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KING RICHARD III.

King EDWARD the Fourth.
EDWARD, prince of Wales, afterwards
King Edward V.

-sons to the king.
RICHARD, duke of York,
GEORGE, duke of Clarence,
RICHARD, duke of Gloster, afterwards brothers to the king.

King RICHARD III.
A young Son of Clarence.
Henry, earl of Richmond, afterwards King Henry VII.
Cardinal BOURCHIER, archbishop of Canterbury.
Thomas ROTHERAM, archbishop of York; JOHN MORTON, bishop

of Ely.
Duke of BUCKINGHAM.
Duke of NORFOLK : Earl of SURREY, his son.
Earl RIVERS, brother to King Edward's queen:
Marquis of DORSET, and Lord GREY, her sons.
Earl of OXFORD. Lord HASTINGS. Lord STANLEY. Lord Lovel.
Sir THOMAS VAUGHAN. Sir RICHARD RATCLIFF.
Sir WILDIAM CATESBY. Sir JAMES TYRREL.
Sir JAMES BLOUNT. Sir WALTER HERBERT.
Sir ROBERT BRAKENBURY, lieutenant of the Tower.
CHRISTOPHER URSWICK, a priest. Another Priest.
Lord Mayor of London. Sheriff of Wiltshire.
ELIZABETH, queen of King Edward IV.
MARGARET, widow of King Henry VI.
Duchess of YORK, mother to King Edward IV., Clarence, and

Gloster.
Lady ANNE, widow of Edward, prince of Wales, son to King

Henry VI.; afterwards married to the duke of Gloster.
A young Daughter of Clarence.
Lords, and other Attendants; two Gentlemen, a Pursuivant, Scrivener,

Citizens, Murderers, Messengers, Ghosts, Soldiers, &c.

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SCENE-England.

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Glo. Now is the winter of our discontent Made glorious summer by this sun? of York; And all the clouds, that lowr'd upon our house, In the deep bosom of the ocean buried. Now are our brows bound with victorious wreaths; Our bruised arms hung up for monuments; Our stern alarums changed to merry meetings, Our dreadful marches to delightful measures. Grim-visag'd war hath smooth'd his wrinkled front;

· This tragedy, though it is called the life and death of this prince, comprises at most but the last eight years of his time, for it opens with George, duke of Clarence, being shut up in the Tower, which happened in the beginning of the year 1477, and closes with the death of Richard at Bosworth-field, which battle was fought in the year 1485.—MALONE.

Alluding to the cognizance of Edward IV., which was a sun, in memory of the three suns which are said to have appeared at the battle which he gained over the Lancastrians at Mortimer's Cross.-STEEVENS.

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And now,-instead of mounting barbed steeds,
To fright the souls of fearful adversaries,-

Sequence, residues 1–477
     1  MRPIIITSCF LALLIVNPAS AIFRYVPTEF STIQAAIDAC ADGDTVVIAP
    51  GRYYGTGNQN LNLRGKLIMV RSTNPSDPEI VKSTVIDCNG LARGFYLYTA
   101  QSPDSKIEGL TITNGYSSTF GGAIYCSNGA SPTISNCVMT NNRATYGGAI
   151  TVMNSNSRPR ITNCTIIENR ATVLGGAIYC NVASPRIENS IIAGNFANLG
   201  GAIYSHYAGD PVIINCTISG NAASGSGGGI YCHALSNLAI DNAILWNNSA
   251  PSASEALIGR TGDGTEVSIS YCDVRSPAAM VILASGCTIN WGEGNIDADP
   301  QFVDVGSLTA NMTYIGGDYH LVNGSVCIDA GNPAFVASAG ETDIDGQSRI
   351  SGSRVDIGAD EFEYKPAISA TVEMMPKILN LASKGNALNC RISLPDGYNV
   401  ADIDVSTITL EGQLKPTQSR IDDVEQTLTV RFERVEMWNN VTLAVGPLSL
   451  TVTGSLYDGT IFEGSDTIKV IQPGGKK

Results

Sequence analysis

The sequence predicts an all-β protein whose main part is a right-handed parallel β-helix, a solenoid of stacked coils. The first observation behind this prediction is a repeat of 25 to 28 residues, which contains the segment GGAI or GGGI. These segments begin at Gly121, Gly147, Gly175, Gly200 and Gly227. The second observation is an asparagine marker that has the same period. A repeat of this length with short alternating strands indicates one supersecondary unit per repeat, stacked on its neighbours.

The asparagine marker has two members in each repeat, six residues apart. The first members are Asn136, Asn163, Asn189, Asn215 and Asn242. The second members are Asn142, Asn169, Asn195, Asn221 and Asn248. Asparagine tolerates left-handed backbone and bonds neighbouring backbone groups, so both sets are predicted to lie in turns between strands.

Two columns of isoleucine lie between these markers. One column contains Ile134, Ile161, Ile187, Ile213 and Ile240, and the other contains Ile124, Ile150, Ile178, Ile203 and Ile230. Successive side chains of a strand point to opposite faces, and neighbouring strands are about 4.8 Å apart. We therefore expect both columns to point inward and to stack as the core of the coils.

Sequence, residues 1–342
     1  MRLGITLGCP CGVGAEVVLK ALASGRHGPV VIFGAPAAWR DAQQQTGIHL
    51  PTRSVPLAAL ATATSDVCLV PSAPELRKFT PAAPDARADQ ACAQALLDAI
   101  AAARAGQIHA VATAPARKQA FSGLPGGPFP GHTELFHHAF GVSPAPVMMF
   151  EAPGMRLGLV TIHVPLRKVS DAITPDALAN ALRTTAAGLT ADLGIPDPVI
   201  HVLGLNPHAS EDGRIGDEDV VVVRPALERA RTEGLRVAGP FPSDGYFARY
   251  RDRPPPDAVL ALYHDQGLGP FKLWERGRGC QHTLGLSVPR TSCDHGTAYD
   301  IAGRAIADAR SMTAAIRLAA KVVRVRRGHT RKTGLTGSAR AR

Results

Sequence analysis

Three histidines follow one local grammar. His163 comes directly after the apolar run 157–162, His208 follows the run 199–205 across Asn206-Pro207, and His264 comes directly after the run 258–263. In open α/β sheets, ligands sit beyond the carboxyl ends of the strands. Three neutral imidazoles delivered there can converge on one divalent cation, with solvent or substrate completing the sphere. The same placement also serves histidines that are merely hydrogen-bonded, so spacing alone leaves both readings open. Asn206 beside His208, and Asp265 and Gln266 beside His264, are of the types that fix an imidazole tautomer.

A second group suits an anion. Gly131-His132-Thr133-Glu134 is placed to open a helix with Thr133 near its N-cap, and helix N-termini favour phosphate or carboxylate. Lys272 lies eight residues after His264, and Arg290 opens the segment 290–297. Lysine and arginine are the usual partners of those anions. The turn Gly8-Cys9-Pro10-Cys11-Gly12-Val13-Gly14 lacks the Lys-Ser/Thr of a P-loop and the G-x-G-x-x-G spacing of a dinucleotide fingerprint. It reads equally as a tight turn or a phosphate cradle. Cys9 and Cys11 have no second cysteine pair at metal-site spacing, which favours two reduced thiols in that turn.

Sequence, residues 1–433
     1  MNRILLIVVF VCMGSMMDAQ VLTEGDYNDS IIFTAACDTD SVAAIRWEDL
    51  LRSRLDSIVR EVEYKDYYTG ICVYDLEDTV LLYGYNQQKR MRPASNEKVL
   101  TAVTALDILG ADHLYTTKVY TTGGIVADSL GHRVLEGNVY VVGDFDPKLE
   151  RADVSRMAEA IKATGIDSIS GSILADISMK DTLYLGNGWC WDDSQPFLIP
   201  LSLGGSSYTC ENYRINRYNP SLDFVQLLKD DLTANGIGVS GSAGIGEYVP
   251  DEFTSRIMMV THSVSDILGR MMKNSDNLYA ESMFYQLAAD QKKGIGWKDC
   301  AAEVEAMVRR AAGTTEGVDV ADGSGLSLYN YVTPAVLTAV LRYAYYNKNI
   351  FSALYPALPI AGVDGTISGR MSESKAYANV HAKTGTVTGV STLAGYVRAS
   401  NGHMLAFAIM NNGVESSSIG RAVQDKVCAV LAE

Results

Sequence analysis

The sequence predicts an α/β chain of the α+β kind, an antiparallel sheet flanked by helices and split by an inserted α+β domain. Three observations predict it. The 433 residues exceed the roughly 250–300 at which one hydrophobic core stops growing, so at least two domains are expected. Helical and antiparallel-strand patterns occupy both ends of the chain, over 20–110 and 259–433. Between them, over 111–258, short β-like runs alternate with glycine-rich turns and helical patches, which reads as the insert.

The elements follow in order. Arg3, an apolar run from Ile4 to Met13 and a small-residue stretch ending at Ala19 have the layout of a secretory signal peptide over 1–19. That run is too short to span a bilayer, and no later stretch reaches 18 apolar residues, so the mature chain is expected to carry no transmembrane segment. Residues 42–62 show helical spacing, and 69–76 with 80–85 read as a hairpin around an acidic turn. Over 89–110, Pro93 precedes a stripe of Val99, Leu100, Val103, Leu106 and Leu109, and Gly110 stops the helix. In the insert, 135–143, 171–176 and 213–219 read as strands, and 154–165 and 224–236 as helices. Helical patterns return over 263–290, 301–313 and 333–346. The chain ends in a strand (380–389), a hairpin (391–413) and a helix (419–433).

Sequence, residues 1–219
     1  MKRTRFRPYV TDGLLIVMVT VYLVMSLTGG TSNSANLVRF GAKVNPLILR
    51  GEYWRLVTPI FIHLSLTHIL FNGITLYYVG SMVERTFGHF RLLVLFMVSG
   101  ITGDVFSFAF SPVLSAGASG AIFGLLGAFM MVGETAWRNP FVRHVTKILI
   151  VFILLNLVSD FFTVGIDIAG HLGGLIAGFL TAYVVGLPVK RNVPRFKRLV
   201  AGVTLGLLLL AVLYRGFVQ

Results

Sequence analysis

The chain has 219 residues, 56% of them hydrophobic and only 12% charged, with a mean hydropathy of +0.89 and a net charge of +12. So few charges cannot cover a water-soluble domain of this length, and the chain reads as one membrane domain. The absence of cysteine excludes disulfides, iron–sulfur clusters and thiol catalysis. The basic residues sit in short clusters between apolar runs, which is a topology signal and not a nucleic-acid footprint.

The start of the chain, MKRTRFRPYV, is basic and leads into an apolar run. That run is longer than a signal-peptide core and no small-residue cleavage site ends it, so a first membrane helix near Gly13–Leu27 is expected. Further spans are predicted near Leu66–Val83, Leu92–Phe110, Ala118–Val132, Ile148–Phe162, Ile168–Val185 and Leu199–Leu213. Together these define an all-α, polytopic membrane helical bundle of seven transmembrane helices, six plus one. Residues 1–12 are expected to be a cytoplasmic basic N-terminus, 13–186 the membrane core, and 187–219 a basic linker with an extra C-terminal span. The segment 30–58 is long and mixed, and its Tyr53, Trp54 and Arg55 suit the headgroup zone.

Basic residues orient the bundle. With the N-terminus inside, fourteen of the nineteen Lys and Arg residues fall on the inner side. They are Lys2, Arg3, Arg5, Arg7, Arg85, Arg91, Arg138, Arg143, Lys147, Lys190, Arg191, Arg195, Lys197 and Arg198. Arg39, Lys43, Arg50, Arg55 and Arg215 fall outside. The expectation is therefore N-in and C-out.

He capers nimbly in a lady's chamber,
To the lascivious pleasing of a lute.
But I,—that am not shap'd for sportive tricks,
Nor made to court an amorous looking-glass;
I, that am rudely stamp'd, and want love's majesty,
To strut before a wanton ambling nymph;
I, that am curtail'd of this fair proportion,
Cheated of feature' by dissembling nature,
Deform’d, unfinish’d, sent before my time
Into this breathing world, scarce half made up,
And that so lamely and unfashionable,
That dogs bark at me, as I halt by them ;-
Why I, in this weak piping time of peace,
Have no delight to pass away the time;
Unless to spy my shadow in the sun,
And descant on mine own deformity;
And therefore,-since I cannot prove a lover,
To entertain these fair well-spoken days,-
I am determined to prove a villain,
And hates the idle pleasures of these days.
Plots have I laid, inductions dangerous,
By drunken prophecies, libels, and dreams,
To set my brother Clarence, and the king,
In deadly hate the one against the other :
And, if king Edward be as true and just,
As I am subtle, false, and treacherous,
This day should Clarence closely be mew'd up;
About a prophecy, which says—that G
Of Edward's heirs the murderer shall be.
Dive, thoughts, down to my soul! here Clarence comes.

4

"feature, for beauty.

• That puts together things of a dissimilar kind, as a brave soul and a deformed body. 3 Perhaps we might read,

And bate the idle pleasures.-Johnson. * i. e. preparations for mischief.

Enter CLARENCE, guarded, and BRAKENBURY. Brother, good day: What means this armed guard, That waits upon your grace? Clar.

His majesty,
Tendering my person's safety, hath appointed
This conduct to convey me to the Tower.

Glo. Upon what cause ?
Clar.

Because my name is–George,
Glo. Alack, my lord, that fault is none of yours :
He should, for that, commit your godfathers :
O, belike, his majesty hath some intent,
That

you shall be new christen'd in the Tower. But what's the matter, Clarence? may I know?

Clar. Yea, Richard, when I know; for, I protest, As yet I do not: But, as I can learn, He hearkens after prophecies, and dreams; And from the cross-row plucks the letter G, And says—a wizard told him, that by G His issue disinherited should be; And, for my name of George begins with G, It follows in his thought, that I am he: These, as I learn, and such like toys' as these, Have mov'd his highness to commit me now.

Glo. Why, this it is, when men are rul’d by women: 'Tis not the king, that sends you to the Tower; My lady Grey, his wife, Clarence, 'tis she, That tempers him to this extremity. Was it not she, and that good man of worship, Antony Woodeville, her brother there, That made him send lord Hastings to the Tower ; From whence this present day he is deliver'd ? We are not safe, Clarence, we are not safe.

Clar. By heaven, I think, there is no man secure, But the queen's kindred, and night-walking heralds That trudge betwixt the king and mistress Shore.

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